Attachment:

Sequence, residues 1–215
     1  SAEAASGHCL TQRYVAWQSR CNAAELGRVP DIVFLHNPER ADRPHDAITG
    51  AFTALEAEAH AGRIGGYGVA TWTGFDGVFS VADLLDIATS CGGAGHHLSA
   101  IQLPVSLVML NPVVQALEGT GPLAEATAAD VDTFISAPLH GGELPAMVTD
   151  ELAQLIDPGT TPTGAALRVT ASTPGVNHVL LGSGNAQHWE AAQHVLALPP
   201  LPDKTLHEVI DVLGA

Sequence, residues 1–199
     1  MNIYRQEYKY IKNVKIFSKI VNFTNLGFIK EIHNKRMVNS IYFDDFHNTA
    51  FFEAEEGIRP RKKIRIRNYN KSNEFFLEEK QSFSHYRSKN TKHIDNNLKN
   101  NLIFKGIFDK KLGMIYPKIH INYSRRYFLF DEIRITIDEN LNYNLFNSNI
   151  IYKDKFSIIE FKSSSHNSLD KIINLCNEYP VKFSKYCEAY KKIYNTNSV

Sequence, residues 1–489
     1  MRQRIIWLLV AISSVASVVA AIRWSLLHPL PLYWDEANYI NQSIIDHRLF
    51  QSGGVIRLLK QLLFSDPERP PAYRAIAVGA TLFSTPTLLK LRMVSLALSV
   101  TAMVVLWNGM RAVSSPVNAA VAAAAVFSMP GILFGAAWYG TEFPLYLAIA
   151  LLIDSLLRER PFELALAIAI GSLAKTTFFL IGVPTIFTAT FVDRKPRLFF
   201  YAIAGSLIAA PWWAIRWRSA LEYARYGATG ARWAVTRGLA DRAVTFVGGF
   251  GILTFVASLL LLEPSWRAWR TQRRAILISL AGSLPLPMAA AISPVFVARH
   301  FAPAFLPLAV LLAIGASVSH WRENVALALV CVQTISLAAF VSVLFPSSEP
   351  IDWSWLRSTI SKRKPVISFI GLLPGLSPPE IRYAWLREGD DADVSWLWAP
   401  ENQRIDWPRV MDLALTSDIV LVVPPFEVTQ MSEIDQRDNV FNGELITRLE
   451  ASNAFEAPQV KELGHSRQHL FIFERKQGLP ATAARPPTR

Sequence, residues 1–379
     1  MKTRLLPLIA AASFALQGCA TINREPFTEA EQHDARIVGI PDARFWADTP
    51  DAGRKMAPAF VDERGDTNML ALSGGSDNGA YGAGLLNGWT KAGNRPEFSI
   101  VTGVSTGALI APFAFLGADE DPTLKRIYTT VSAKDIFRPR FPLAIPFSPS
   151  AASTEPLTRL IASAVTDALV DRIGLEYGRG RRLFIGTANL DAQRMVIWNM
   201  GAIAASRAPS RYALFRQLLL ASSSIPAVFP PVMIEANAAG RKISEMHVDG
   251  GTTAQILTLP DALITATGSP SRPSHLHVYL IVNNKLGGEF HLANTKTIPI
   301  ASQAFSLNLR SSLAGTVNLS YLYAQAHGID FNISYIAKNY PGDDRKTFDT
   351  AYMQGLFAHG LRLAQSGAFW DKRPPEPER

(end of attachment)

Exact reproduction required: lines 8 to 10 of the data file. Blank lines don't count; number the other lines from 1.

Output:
     1  MNIYRQEYKY IKNVKIFSKI VNFTNLGFIK EIHNKRMVNS IYFDDFHNTA
    51  FFEAEEGIRP RKKIRIRNYN KSNEFFLEEK QSFSHYRSKN TKHIDNNLKN
   101  NLIFKGIFDK KLGMIYPKIH INYSRRYFLF DEIRITIDEN LNYNLFNSNI